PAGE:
“Apart from pints?” he laughs. “It’s disgusting! We’ve gone 17 days without a shower. We just hose ourselves down with a 500ml bottle of Gatorade with water in it and that’s our shower. We’ve no space to ourselves. My pillow consists of a tool kit and a load of chocolate bars that we haven’t yet eaten. And then I’m sleeping beside Darren, who likes to sleep fully naked, which is an experience to say the least. So personal space is probably the main thing.”
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Similarly, during our previous conversation last November, Cavanagh also mentioned a number of potential problems, which included shark attacks and stormy weather. Has he encountered any of these hazards?
“The closest we’ve seen to a shark has been one turtle. Myself and Darren were on the oars and I thought I saw a Mexican hat, a sombrero, and I didn’t say anything, because I thought I was hallucinating again, but then Darren was looking at me and said: ‘Did you see the turtle?’ So we had an argument over whether it was a turtle or a sombrero. So no, we’ve haven’t seen much wildlife.
“In terms of the weather, the first week was an eye opener, as none of us had been in these conditions — I don’t think anyone in the race had. We knew it’d be tough to get away from Monterey. It was quite difficult for us to get out of the Bay. We had 25 to 30 foot waves for three or four days into the night. It’s pretty scary when you can’t see them coming and you’re just sitting there. But that’s the sort of thing you can’t train for — you have to deal with it when you’re out there.”
He continues, outlining how each team member sleeps six times a day in two-hour intervals: “In one way, it only feels like we’re just getting out here, in another, it feels like an eternity [since we started the race]. We’ve been essentially always rowing two hours on, two hours off. The first thing to hit us was sleep deprivation. We were expecting that to be pretty tough and it has been.
“We’re kind of getting into a rhythm, which is fairly good, with our two-hour rows. The night shifts are still the hardest part of it. Trying to stay awake at the oars is really difficult at four o’clock in the morning, when you want to be having a cup of tea in your bed.
“But I think we’ve adapted fairly well. We nearly capsized one of the days and one of the lads was on deck, and his main priority was to make sure the shoes didn’t go overboard. So that’s the sort of thing we’ve [had to worry about].
“We’re relatively calm. Everything that’s happened to us we’ve taken one step at a time. We had the 25 and 30-foot waves, but if we have them again, they wouldn’t seem as big. It’s just the first time [it happens], everything seems worse.”
(Team Battleborn pose for a pic — credit: ©Ellen-Hoke-Photography/www.greatpacificrace.com)
One further challenge is rationing food. All the team are under strict instructions in this regard, as a failure to “get the balance right” could seriously jeopardise their prospects.
And despite trying to eat as much as he can, Cavanagh estimates that he has lost a stone and a half in weight so far.
“We [ideally want] 4,500 calories per person per day, but it’s just impossible to get that many into you,” he says. “And then just protein shakes and things like that. But there’s been no massively scary moments, just a slow realisation that we’re in this for the long haul.”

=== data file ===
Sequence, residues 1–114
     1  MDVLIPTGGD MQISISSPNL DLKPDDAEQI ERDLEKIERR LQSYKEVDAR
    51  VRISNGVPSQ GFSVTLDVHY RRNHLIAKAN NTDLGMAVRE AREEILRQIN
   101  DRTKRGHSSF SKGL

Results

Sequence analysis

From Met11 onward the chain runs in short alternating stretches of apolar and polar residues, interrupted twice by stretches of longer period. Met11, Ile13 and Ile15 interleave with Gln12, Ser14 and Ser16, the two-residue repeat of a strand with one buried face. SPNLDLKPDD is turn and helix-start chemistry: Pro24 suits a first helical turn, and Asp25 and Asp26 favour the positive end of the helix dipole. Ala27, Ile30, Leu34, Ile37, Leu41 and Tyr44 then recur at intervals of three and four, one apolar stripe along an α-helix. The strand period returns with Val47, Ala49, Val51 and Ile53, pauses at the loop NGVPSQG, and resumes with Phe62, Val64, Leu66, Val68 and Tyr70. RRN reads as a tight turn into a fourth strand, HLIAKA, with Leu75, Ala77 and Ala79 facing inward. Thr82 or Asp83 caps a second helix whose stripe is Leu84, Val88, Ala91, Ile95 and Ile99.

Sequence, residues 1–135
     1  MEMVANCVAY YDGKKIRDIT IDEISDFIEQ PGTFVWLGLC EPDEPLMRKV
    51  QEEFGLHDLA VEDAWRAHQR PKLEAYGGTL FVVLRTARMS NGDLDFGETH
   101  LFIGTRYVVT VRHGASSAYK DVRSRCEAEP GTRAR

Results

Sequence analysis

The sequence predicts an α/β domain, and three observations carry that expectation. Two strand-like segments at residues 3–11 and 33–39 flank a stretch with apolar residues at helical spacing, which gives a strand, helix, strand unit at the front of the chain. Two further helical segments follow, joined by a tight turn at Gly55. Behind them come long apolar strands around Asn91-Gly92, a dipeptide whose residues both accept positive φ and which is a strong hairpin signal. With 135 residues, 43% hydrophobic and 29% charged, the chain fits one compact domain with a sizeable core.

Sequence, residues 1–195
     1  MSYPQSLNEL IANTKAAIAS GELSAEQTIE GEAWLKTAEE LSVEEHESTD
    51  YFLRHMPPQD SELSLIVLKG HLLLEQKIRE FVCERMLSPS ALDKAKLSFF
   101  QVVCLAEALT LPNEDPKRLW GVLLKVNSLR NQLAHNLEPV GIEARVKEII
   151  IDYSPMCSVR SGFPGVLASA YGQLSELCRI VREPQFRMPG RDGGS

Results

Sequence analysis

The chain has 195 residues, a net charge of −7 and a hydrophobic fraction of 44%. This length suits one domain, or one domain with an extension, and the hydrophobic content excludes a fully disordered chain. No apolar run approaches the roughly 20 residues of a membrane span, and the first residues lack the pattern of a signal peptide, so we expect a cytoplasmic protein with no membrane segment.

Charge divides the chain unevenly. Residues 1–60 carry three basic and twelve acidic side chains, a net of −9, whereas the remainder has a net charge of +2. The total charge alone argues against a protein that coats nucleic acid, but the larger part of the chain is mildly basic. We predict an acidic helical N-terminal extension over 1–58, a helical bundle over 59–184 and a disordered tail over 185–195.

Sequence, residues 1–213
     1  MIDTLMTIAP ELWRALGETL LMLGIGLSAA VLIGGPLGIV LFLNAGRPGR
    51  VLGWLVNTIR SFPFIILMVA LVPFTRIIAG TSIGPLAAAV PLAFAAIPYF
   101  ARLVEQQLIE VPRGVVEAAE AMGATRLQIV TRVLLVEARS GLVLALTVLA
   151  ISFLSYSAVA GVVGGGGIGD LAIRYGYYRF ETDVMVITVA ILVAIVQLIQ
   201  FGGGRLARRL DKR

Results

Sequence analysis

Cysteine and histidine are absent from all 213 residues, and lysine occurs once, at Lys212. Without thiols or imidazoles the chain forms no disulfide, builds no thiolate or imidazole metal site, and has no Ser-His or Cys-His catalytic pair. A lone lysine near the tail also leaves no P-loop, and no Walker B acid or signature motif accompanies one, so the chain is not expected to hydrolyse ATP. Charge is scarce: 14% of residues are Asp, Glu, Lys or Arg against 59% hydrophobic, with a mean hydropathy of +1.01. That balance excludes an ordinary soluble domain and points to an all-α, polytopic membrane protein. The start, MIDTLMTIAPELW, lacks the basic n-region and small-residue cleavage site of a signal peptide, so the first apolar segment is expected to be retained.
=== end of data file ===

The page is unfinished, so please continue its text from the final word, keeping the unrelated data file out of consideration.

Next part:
He adds: “A lot of teams will want to trim their provisions down to get rid of some extra supplies that they have. So it’s trying to balance speed with common sense and making sure you do have enough to get you to the other side.”
Despite having limited minutes to make calls, Cavanagh has been in touch with friends and family from home via phone, as well as through emails and texts. He is also regularly in touch with one of their sponsors, Teamwork.com, providing updates of their progress in the process.
Moreover, having only come into contact with his teammates for the first time when they started preparing for this trip, Cavanagh says the crew have gotten on relatively well so far, despite constantly being within such close proximity of one another.
Speaking to TheScore.ie on this very issue last November, Cavanagh explained:
“I’ve said to the other lads, we’ve only really three rules on board — with the tight space that we have, there’s no negativity on the boat because you can’t go anywhere if you have a fight with somebody. The second rule is don’t be late for your shift. It’s important that you’re not two or three minutes late where those 60 seconds on the boat are golden — that’s all you have. Then the third rule is do not miss your shift. You find you get to the point where you’re bartering — you get to the point where you say: ‘I’ll give you this if you do five minutes.’”
The team are generally all complying with these rules, and have consequently maintained a good relationship.
“There have been no arguments onboard and we’re working closely with Teamwork to make sure we’re functioning as a team. From that aspect, it’s useful, because this is really a psychological challenge as opposed to a physical one. There isn’t that much of a physical challenge to just getting up and rowing again.
“I’ve done a lot of sports psychology. That sort of stuff prepares you for these situations, and you know you’re going to miss the treats at home and things like that. But that’ll make it a lot sweeter when we do get to Hawaii. I think we’ll appreciate the smaller things in life more.”
As part of their trip, Philip Cavanagh and his teammates are taking part in a fundraising initiative for a number of charities, including Aware and Irish Guide Dogs for the Blind. For more details on how to donate, please visit their website at www.pacificrow2014.com.